The Texas House of Representatives today passed House Bill 2697, a bill that would lift restrictions that have kept direct-to-consumer telemedicine companies from operating freely in Texas. The vote was unanimous. The bill, which was already passed in the Senate, will be returned to the Senate for concurrence and then sent to Governor Greg Abbott for a signature. Abbott is expected to sign the bill.
The bill – introduced by Representative Four Price and negotiated between the Texas Medical Association, the Texas eHealth Alliance, telemedicine provider Teladoc – allows the doctor-patient relationship to be established via telemedicine rather than in person and allows for asynchronous “store and forward technology” or other such audiovisual technology so long as it complies with rules set forth to ensure safety and quality of virtual care.
As such, it essentially puts an end to the long legal battle between Teladoc and the Texas State Medical Board. A settlement in the case seems likely at this point. It also allows any other direct-to-consumer telemedicine company, including Teladoc competitor American Well, to move into Texas.
"First and foremost – we join the industry in congratulating the House on passing this bill and entering the Telehealth Era," American Well CEO Roy Schoenberg said in an emailed statement. "Unlike other companies who see telehealth as an app or a phone service, we have always maintained that telehealth should extend the relationship between patients and the healthcare brands they trust. To that end we’ve worked side-by-side with the Texas state medical boards, medical associations, academic medical centers, and legislators to embrace telehealth that upholds the same standards of care patients should expect from in-person care. We are thrilled by the House vote and look forward to bringing safe and effective telehealth to patients in Texas."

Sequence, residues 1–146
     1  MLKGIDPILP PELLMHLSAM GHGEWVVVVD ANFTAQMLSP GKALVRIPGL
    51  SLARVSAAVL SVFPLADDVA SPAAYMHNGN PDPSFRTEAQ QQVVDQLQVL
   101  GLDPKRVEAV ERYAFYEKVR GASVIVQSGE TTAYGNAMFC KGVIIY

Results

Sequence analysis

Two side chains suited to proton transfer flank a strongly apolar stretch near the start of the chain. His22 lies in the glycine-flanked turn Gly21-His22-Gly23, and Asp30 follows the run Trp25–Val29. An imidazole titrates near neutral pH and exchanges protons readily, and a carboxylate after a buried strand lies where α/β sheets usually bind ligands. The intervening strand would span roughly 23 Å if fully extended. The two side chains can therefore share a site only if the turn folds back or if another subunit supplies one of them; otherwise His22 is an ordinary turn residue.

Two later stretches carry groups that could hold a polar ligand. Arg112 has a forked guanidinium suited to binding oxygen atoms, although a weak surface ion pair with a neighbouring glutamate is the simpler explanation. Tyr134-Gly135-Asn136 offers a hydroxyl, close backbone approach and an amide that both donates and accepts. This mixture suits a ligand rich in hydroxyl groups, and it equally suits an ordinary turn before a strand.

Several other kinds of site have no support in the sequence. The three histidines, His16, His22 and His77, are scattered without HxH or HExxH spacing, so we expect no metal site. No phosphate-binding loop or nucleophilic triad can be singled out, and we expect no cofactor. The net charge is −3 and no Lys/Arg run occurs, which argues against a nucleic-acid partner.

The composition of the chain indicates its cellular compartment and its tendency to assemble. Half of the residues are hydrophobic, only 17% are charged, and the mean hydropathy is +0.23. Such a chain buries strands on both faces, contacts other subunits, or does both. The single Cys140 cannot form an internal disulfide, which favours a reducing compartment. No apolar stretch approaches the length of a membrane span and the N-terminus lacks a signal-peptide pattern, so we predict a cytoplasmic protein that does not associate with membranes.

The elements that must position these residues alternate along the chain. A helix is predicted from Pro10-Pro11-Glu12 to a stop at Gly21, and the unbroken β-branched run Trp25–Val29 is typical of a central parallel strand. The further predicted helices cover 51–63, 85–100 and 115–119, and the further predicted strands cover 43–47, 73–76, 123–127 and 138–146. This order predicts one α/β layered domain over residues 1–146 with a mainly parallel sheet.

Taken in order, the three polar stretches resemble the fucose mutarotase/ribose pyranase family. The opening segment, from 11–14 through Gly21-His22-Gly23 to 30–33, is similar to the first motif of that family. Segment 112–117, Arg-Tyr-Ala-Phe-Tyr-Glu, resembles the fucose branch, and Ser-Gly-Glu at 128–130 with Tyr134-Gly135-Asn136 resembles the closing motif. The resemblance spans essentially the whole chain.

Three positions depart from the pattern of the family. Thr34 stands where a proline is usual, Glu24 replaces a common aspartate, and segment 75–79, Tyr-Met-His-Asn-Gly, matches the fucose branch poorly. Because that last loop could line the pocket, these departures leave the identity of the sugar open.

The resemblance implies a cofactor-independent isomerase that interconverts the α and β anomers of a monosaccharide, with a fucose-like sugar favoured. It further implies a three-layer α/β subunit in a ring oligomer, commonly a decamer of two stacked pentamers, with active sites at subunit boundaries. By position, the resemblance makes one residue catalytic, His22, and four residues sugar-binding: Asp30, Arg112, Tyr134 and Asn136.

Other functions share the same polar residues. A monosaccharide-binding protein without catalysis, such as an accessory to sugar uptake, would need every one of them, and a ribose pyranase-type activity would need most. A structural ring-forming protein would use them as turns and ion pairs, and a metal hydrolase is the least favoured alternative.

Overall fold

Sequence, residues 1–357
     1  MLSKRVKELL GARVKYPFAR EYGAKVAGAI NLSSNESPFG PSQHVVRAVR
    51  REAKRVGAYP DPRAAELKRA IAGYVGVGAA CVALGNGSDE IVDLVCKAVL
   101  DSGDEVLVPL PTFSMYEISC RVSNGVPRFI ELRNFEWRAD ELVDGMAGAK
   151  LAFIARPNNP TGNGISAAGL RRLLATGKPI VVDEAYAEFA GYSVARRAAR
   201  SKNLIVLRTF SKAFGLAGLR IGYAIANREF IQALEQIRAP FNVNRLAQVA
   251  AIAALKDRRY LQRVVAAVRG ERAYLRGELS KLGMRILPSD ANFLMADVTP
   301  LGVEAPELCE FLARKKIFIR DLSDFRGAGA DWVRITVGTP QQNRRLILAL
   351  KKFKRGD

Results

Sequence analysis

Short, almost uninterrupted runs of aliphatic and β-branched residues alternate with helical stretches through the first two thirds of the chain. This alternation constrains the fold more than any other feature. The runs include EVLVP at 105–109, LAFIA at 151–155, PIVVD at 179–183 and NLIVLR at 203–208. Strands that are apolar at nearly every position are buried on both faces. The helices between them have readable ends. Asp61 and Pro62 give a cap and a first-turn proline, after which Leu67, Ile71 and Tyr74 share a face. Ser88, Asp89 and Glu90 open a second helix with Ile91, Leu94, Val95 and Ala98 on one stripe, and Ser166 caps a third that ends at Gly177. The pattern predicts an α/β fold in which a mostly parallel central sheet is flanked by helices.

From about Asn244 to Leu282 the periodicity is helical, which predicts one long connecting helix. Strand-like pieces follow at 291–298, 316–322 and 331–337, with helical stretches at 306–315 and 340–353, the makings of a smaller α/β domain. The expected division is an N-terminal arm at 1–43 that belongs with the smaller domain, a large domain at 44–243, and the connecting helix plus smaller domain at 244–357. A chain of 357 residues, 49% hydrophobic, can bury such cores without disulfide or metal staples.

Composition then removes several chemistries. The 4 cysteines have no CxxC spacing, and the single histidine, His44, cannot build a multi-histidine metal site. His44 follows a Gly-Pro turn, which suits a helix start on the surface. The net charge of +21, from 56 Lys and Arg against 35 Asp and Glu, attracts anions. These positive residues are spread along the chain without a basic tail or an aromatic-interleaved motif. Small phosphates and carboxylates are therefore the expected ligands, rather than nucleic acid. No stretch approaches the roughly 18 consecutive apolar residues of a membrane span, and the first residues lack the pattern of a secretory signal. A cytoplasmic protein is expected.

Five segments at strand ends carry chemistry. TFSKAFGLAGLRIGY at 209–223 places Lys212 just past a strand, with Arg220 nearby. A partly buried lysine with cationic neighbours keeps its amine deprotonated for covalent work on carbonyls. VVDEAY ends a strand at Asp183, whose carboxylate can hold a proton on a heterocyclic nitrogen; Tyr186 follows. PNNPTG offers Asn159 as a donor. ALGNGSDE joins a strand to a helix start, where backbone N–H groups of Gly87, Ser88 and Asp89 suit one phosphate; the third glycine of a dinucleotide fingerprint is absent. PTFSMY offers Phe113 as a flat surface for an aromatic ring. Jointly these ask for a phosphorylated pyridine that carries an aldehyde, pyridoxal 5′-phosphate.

Teladoc CEO Jason Gorevic talked about the legislation on a recent company earnings call.
“As many of you know, a bill that makes it clear that telehealth will continue uninterrupted in Texas, has been making its way through the state legislature and could become law in the next few weeks,” Gorevic said on Monday. “The passage of this bill into law would resolve our outstanding issues with the Texas Medical Board and would represent a significant victory for the people of Texas in securing their path to quality, affordable and accessible healthcare.”
The House bill does preserve the anti-abortion language in the Senate bill, which could mean legal troubles for the Lone Star state aren't over yet. These bans are not uncommon in telemedicine legislation, but recently they have been challenged in court in several states. Utah stripped the limitation from their telemedicine bills, and Planned Parenthood settled a lawsuit with Idaho legislators over a similar restriction in that state. The reproductive health nonprofit also won a similar suit in Iowa in 2015.